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Ricky Stuart's success highlights the absurdity of disposable coaches

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Expert
16th September, 2019
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Watching footage of Ricky Stuart in the coach’s box at AAMI Park at the weekend prompted some unexpected flashbacks.

They weren’t flashbacks like in the movies, of sounds or scenes. They were intellectual flashbacks, dominated by ideas and emotions and narratives. I was reminded about how much the popular perception of Stuart as a coach has changed since he started in 2002.

He was cranky, innovative, ref-hating, out-of-touch, a perfectionist, passionate, abrasive.

Since he joined the club in 2014 where he made his name as a player, Stuart has finished 15th, 10th, second, 10th and now fourth.

Throughout much of that time critics have suggested he got a rails run from the Raiders because of his standing in the club and from the media because of friendships.

Another man would have been sacked after those first two seasons, many suggested. Yet here he is, perhaps on the way to the club’s first premiership in 25 years.

My point here is simple: coaches are sacked way, way, way more often than they should be. They are now the official release valve of a professional sports franchise that, right now, is not winning. Everyone just nods when a coach is sacked and cuts the club some slack.

But it’s a charade, a routine, a sham. It does stuff-all to improve results.

But, you know, that’s modern life.

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Rock bands used to be nurtured by their record companies and perhaps wouldn’t have a hit until their third album. These days, there are barely record companies or albums.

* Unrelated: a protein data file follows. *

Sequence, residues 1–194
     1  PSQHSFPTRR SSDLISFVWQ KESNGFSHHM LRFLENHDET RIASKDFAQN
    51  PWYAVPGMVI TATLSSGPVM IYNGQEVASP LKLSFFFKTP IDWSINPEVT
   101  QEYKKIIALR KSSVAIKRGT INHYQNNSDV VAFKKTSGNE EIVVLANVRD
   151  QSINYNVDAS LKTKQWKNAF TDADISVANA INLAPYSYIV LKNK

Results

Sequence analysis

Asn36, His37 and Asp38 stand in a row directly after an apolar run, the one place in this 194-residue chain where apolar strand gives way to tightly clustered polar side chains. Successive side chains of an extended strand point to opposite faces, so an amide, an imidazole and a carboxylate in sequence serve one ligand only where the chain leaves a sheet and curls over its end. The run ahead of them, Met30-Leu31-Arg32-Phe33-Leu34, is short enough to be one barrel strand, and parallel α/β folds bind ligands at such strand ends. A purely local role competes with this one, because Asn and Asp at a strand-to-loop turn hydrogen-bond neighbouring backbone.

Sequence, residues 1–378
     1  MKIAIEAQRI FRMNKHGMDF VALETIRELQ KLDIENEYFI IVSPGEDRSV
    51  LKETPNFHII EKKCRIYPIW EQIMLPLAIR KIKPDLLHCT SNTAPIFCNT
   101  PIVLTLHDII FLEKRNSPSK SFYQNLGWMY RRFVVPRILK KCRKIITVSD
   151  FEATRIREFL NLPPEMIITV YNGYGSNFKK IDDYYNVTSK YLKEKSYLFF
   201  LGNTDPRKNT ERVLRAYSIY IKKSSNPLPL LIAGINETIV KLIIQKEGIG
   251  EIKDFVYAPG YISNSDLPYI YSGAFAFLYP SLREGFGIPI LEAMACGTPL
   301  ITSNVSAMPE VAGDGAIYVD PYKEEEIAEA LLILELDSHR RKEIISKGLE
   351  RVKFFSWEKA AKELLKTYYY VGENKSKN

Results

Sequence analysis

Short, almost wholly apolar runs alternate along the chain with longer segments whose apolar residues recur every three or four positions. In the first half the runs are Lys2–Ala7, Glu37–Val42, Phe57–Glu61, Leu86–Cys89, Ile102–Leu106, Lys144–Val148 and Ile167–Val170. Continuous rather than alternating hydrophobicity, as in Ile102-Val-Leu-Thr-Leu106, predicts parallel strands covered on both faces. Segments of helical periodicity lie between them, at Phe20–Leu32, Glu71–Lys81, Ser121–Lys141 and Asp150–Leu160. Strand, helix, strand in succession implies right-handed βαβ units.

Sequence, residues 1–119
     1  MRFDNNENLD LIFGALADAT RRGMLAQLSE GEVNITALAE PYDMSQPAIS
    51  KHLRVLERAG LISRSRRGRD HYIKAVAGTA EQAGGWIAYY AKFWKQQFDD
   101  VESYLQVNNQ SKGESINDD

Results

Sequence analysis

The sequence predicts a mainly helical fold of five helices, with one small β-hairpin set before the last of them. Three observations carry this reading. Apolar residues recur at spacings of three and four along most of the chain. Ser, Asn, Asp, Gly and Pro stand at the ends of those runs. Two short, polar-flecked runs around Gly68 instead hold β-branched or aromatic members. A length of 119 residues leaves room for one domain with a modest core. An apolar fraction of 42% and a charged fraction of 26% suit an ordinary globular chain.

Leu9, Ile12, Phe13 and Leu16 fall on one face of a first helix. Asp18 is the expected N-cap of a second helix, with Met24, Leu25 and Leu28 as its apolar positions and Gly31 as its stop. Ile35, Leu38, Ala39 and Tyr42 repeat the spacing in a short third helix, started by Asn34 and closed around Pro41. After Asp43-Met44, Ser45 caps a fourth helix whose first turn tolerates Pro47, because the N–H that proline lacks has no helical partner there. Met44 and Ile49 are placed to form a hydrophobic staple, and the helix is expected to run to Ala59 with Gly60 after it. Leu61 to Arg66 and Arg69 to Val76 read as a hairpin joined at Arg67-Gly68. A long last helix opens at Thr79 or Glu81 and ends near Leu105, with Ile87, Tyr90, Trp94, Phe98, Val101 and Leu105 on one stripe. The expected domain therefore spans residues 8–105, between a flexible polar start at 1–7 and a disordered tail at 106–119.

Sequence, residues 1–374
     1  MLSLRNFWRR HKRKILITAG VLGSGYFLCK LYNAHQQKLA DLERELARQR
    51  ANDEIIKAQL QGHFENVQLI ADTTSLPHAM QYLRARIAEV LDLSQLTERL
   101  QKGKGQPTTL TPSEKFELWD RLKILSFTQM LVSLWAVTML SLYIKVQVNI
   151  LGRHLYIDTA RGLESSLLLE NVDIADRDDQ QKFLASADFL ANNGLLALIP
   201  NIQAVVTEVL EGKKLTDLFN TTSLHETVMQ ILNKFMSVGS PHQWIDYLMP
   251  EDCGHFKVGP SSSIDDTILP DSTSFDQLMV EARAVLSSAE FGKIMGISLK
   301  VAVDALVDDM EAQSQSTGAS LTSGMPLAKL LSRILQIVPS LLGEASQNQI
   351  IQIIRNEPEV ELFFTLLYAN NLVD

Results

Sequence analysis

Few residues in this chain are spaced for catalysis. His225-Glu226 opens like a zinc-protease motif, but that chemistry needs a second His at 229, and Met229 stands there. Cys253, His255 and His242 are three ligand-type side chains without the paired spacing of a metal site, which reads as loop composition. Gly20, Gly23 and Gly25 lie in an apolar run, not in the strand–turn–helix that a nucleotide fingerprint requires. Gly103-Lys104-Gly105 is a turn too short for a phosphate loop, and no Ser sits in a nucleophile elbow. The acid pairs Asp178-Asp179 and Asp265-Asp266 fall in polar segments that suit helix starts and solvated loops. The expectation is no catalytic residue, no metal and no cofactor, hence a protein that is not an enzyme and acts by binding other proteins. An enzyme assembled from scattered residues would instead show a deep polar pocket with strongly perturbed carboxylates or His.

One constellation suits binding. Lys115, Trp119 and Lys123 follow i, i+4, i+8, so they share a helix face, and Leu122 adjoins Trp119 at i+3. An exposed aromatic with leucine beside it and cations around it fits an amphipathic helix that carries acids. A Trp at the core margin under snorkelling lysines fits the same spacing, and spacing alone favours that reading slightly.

Canberra Raiders coach Ricky Stuart

Canberra Raiders coach Ricky Stuart. (AAP Image/Dean Lewins)

In order to be appointed by an NRL club, you’ve already ticked a helluva lot of boxes. You either played at a very high level (and that’s not really enough in itself to get you a job anymore) or you have coached in juniors, lower grades, England or where-ever and had success.

Logically, very, very few of these men could stuff up so badly in one season – having done all that – to prove conclusively they can’t coach after all.

Anthony Seibold will probably win a premiership for Brisbane if he’s given time.

Former Dragons boss Steve Price can clearly coach – he’s won at Wembley this year. Likewise, the things being said about Paul McGregor right now are similar to the things that were said about Stuart in his early days in the capital.

Dragons coach Paul McGregor

Dragons coach Paul McGregor. (AAP Image/Michael Chambers)

Trent Robinson, Brad Arthur, Craig Bellamy … all long term coaches. Des Hasler is back at Manly, where he had his greatest success. I don’t think that’s a co-incidence.

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Coaching an NRL club is such a complex business that surely where you are new to that club, the odds are stacked against you. Bring some of your own staff your odds improve slightly but there are so many moving parts in a modern professional sports club that focusing just on the sport or trying to embrace an understand everything both seem like impractical approaches.

Only in years two, three and even four should we begin to get a feel for whether a coach and a club are going to mesh. By then, many coaches have already been sacked.

This is because of the ravenous beasts that all coaches can hear growling in the night: the owners and board members, the media, the fans with caustic banners and – most significantly today – the players.

Players seem to be just a step away from being able to elect their own coaches. The expression “lost the dressing room” appears more in stories like this than it ever has. It’s cheaper to sack a coach than to sack half a team that doesn’t like him.

Yet a good coach will see entire generations of players come and go. Stuart should carry the clipboard at Bruce Stadium for a decade now.

Sacking coaches greases the wheels of professional sports. It’s questionable that it does anything to improve results, which is the reason that is always given for it.

In that way, it’s one of our most enduring examples of self-delusion.